- The Washington Times - Sunday, June 18, 2000

Ambassador Richard Butler, who led UMSCOM in Iraq from 1992 to 1997, has just written a most important book that concerns Saddam Hussein's Iraq and the impotence of the international system in dealing with weapons of mass destruction.
Mr. Butler was the quintessential arms controller. He is one of the most devoted international civil servants, an idealist but not a utopian, with a strong sense of realism. His recent book, "The Greatest Threat: Iraq, Weapons of Mass Destruction, and the Crisis of Global Security" (Public Affairs, New York, 2000), analyzes in detail the serious structural and organizational obstacles in the United Nations Security Council that deal with the awesome development of nuclear, biological, and chemical weapons of mass destruction.
Mr. Butler describes in great detail the trials and tribulations of UNSCOM, the deviousness and defiance of Saddam Hussein and his minions, and the lack of collective security spirit among three major powers that dominate the Security Council: China, Russia and France. Mr. Butler analyzes the seriousness of the new types of weapons of mass destruction now available to different members of the United Nations and the danger that internationally irresponsible rogue states are defying the Security Council, which presents a serious threat to global security.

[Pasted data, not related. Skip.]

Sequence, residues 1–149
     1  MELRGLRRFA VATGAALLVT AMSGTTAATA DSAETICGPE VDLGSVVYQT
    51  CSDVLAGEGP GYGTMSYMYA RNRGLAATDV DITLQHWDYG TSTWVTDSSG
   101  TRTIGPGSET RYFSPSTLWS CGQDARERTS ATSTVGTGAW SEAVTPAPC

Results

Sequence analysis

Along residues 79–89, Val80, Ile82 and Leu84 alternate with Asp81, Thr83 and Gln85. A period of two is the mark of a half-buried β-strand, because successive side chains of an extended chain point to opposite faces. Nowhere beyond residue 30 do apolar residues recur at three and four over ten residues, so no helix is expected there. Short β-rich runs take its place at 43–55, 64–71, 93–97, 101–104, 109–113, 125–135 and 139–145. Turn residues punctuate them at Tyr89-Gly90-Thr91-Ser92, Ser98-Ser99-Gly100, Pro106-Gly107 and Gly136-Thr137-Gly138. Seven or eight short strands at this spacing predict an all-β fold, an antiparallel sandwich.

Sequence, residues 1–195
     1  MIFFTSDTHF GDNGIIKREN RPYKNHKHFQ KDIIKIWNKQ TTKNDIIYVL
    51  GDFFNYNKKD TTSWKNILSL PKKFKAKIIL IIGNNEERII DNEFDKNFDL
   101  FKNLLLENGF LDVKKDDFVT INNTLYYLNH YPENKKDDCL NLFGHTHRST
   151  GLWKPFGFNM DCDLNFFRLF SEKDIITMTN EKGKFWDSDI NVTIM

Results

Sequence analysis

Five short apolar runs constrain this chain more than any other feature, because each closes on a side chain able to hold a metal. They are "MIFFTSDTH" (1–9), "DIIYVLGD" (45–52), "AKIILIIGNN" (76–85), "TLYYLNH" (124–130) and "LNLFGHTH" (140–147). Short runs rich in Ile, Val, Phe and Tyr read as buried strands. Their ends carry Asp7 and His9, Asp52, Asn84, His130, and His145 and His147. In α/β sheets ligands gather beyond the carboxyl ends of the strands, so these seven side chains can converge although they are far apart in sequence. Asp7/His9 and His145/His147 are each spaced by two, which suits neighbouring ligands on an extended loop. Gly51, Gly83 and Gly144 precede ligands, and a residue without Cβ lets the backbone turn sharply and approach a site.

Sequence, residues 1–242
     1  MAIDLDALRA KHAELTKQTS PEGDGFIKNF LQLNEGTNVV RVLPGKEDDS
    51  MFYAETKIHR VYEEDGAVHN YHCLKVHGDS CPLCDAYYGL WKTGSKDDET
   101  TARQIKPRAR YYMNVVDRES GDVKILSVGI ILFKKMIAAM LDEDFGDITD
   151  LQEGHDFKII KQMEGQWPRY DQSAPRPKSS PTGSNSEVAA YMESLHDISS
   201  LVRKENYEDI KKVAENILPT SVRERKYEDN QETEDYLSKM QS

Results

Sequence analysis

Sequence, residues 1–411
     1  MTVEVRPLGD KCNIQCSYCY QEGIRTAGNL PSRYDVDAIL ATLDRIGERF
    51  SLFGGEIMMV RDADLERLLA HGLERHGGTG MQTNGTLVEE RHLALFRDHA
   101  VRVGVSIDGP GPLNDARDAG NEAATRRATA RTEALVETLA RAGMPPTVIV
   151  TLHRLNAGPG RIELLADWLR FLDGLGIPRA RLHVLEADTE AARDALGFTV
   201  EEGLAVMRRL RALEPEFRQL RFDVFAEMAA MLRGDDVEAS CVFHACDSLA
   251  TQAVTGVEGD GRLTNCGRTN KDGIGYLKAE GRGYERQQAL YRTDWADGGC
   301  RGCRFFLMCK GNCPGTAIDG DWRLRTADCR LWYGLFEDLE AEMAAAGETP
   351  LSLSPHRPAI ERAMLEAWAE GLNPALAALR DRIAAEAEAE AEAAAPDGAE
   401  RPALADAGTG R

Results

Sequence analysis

The structural forces that impede today's arms control have to do with the anachronistic structure of the Security Council. Despite the fact that, in the last 50 years, the international community created a collection of treaties designed to prevent the proliferation of weapons of mass destruction, treaties that cover nuclear, chemical and biological weapons, the United Nations Executive Committee, the Security Council, failed to shoulder its responsibility in such a serious matter dealing with annihilatory modern weapons.
These treaties served the international community and the objectives of the treaties, although not flawlessly. Mr. Butler's major complaint is that "the greatest impediment to complete success has been the decision by some states not to join the agreements and abide by their terms." These treaties could be cheated on from within and the means of verification would neither deter nor detect such cheating.
Saddam Hussein became the master of manipulating and deceiving members of the Security Council whose responsibility was to strictly adhere to the United Nations decision that created UNSCOM for the purpose of destroying Iraq's weapons of mass destruction within 15 days after the end of the Gulf war. Despite a monumental and successful effort on behalf of both UNSCOM chairmen Ambassadors Rolf Ekeus and Richard Butler, Saddam Hussein's arsenal has not been seriously diminished. And at the end of Amb. Butler's term in 1997, Saddam is almost free of the sanctions, and they are disappearing by the day. The reason for this failure was "the unreliability of the enforcement mechanism."